Article. Yun Huiseong, Kim Doheon (Music Critic), Im Sooyeon (CINE21 Reporter)
Design. Jeon Yurim
Photo Credit. KBS
KBS's ​Beat Coin (KBS)
Yun Huiseong: Self-styled “old-school variety show” Beat Coin asks questions, questions and more questions. Are “lame” things always boring? The title is straightforward—Hong Jin Kyung and Kim Sook leave their fate up to the flip of a coin—and as such, Beat Coin pulls no punches with viewers, serving everything up directly in plain sight. The show is a faithful reproduction of the variety shows of old every step of the way, complete with silly makeup and costumes, friends coming on to tell personal stories about the hosts, pranks and messages from family members. Just when everyone’s trying to be new and unconventional, this series shows up looking to keep things laid-back with the dash of frenzy. The 30th episode brings BTS member Jimin on just as he launches into his solo career and puts everything that makes Beat Coin special on full display. They keep their guest Jimin at ease by playing games he would be familiar with just from having watched TV, even though he isn’t used to appearing on such shows, and the hosts’ steady supply of characters and the ridiculous penalties they dole out add to the episode. In fact, neither Hong nor Kim, nor even a coin, are the most important ingredients to the show’s success. Instead, it builds on the framework of the past and creates several scenes the guests’ fans would like to see. Although the show follows an old format, it never feels old or boring. Rather, it’s like they’re being considerate of their audience, giving them something they can relate to, and that’s what makes the show feel so lively. Beat Coin doesn’t simply rest on the glory days of entertainment past; they work hard to work within a different bygone style each week. Like making a perfect collage out of careful cutouts, they’re shoveling through the embers of the well-known comedy past in what might be the most romantic experiment in variety shows today.
​10000 gecs (100 gecs)
Kim Doheon (music critic): Behold a music video that blends the aesthetics of Jackass, America’s Funniest Home Videos and serious 1990s hip hop videos, and an album cover where T-shirts are flipped over the face to reveal abdomens adorned with stars and an eighth note. Composed of Dylan Brady and Laura Les, 100 gecs gives more to you to listen to than anyone could imagine. The duo try to maintain a cheerful attitude and a relaxed lifestyle but are seen as the darlings or freaks of hyperpop thanks to their flashy, subversive music, and seem to pop up in every underground scene and major rock festival. But there’s nothing lighthearted about their music. 100 gecs feels a heavy sense of responsibility given their background as music fans themselves. Over the past four years, the two have thrown out 4,000 demo songs, and have at last gifted the post-2000, Internet-addicted, social media savants of Gen Z their second album: 10000 gecs. The rapidly fluctuating collage of heavy metal, ska, punk rock, nu metal, hardcore and electronic, with a heavy dose of ready-made sounds, calls to mind Beck’s widely praised 1996 work of genius, Odelay. It feels like a joke at first, but it’s anything but. It’s two music-obsessed young artists’ vast archive, endless self-innovation and ambition to swipe five Grammys—wrapped up in an extremely crumpled burger wrapper from a fast food chain. In other words, it’s kitsch.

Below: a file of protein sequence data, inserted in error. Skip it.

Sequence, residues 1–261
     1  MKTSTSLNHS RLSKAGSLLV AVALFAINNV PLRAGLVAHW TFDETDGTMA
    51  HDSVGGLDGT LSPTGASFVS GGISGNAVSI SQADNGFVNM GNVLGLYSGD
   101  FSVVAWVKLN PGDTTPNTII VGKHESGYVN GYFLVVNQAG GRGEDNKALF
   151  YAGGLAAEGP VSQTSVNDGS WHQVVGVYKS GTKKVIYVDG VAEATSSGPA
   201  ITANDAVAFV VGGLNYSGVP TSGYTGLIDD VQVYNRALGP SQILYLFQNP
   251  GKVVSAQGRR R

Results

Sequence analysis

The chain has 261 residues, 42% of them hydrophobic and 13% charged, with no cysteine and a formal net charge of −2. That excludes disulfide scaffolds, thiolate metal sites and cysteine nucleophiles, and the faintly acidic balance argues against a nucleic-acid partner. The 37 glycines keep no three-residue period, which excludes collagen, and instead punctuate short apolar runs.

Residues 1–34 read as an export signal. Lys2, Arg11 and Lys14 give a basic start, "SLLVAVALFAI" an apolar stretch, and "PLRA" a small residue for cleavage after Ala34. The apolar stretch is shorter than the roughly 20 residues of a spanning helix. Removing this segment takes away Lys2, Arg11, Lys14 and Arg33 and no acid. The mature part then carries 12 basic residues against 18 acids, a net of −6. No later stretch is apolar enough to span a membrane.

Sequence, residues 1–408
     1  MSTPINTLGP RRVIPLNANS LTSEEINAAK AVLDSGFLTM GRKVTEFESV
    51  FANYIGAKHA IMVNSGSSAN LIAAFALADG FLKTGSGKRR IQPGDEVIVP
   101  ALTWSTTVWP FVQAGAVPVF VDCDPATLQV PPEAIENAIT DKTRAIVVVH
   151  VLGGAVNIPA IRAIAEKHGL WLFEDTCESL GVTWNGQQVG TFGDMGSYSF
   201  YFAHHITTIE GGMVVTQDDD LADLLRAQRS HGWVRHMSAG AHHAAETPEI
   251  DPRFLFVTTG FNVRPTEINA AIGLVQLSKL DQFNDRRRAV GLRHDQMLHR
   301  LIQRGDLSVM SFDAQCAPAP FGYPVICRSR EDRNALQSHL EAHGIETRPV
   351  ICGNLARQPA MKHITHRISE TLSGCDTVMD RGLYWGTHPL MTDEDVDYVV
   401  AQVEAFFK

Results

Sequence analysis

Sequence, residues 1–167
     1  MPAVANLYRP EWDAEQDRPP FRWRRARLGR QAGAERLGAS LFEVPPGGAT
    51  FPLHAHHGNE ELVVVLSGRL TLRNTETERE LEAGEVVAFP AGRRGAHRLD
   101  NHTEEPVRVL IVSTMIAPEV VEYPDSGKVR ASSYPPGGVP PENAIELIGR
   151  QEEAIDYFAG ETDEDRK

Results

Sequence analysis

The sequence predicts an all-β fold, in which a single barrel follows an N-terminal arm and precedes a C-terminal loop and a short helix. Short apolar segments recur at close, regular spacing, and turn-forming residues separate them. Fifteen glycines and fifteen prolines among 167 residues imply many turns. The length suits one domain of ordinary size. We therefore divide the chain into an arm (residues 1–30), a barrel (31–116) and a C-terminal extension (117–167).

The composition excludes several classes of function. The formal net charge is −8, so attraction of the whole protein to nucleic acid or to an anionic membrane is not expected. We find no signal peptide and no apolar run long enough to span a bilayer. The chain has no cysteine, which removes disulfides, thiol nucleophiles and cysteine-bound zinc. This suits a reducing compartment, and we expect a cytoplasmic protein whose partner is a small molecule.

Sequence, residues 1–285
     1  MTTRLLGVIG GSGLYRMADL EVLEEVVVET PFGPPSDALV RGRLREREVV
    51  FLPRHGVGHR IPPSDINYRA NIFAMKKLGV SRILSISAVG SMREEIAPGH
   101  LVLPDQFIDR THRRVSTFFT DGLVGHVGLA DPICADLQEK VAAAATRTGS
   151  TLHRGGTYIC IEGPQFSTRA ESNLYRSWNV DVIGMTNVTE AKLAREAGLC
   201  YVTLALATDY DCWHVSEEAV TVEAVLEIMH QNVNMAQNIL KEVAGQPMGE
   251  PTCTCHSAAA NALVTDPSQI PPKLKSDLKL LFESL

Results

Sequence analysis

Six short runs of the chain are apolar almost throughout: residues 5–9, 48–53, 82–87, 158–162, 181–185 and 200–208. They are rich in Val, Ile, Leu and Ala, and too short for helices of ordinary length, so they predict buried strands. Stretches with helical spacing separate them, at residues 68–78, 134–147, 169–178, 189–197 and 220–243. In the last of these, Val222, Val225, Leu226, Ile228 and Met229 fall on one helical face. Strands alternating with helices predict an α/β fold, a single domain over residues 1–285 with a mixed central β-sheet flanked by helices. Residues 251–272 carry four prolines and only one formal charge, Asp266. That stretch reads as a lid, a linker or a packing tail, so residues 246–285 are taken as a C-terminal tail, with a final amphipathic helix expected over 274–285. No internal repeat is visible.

Im Sooyeon (CINE21 reporter): Kang Yang-hyun (Ahn Jae Hong) had been the MVP of his high school basketball team, but after floating around the second division for a while, he settles into life as a public servant until he’s suddenly called upon to coach the Busan Jungang High School team. As a last-minute and last-ditch attempt to hold the nearly dissolved team together, they decide on a public servant who will coach the team for free. But Yang-hyun treats this as an opportunity. Determined to revive the Jungang team, he finds students who take the sport seriously and convinces them one after the other until he’s formed a team. The movie is based on the true story of an amazing reversal of fortune when Busan Jungang High was considered the weakest team at the Korea Basketball Association’s 2012 national secondary school basketball tournament. They made headlines for their involvement in the tournament at the time because the Jungang boys and young coach were full of spirit and determination that led them to perform at a level that a simple desire to play could never provide. Rebound is clever entertainment that has a perfect grasp of the essence of its source material. The film eschews any artificial sense of conflict, focusing instead on Ahn’s lighthearted comedy and the healthy energy it fosters. Attention is also given to the excitement of the game as the tournament begins, brought to life by actors who have real-world experience playing basketball. Overall, the movie reflects the optimism of its director, Chang Hang-jun. There’s enough love of the sport to keep basketball fever alive while we’re still on the heels of THE FIRST SLAM DUNK.